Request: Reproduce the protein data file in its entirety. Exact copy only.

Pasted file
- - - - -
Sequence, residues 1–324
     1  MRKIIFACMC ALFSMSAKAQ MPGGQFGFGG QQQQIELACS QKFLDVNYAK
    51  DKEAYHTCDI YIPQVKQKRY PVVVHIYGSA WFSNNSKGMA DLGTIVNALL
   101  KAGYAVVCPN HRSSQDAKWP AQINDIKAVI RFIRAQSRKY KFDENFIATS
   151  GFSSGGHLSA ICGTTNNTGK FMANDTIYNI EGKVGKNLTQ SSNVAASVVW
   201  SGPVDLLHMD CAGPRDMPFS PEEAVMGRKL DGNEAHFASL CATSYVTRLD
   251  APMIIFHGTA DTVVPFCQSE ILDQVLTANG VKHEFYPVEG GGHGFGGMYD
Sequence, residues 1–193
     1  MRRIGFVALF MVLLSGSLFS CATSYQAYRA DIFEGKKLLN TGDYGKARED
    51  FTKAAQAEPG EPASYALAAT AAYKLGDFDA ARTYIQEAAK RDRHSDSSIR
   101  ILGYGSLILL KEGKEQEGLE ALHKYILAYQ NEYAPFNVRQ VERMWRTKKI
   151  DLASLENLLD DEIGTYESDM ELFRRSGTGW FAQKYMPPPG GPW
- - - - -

Sequence, residues 1–324
     1  MRKIIFACMC ALFSMSAKAQ MPGGQFGFGG QQQQIELACS QKFLDVNYAK
    51  DKEAYHTCDI YIPQVKQKRY PVVVHIYGSA WFSNNSKGMA DLGTIVNALL
   101  KAGYAVVCPN HRSSQDAKWP AQINDIKAVI RFIRAQSRKY KFDENFIATS
   151  GFSSGGHLSA ICGTTNNTGK FMANDTIYNI EGKVGKNLTQ SSNVAASVVW
   201  SGPVDLLHMD CAGPRDMPFS PEEAVMGRKL DGNEAHFASL CATSYVTRLD
   251  APMIIFHGTA DTVVPFCQSE ILDQVLTANG VKHEFYPVEG GGHGFGGMYD
Sequence, residues 1–193
     1  MRRIGFVALF MVLLSGSLFS CATSYQAYRA DIFEGKKLLN TGDYGKARED
    51  FTKAAQAEPG EPASYALAAT AAYKLGDFDA ARTYIQEAAK RDRHSDSSIR
   101  ILGYGSLILL KEGKEQEGLE ALHKYILAYQ NEYAPFNVRQ VERMWRTKKI
   151  DLASLENLLD DEIGTYESDM ELFRRSGTGW FAQKYMPPPG GPW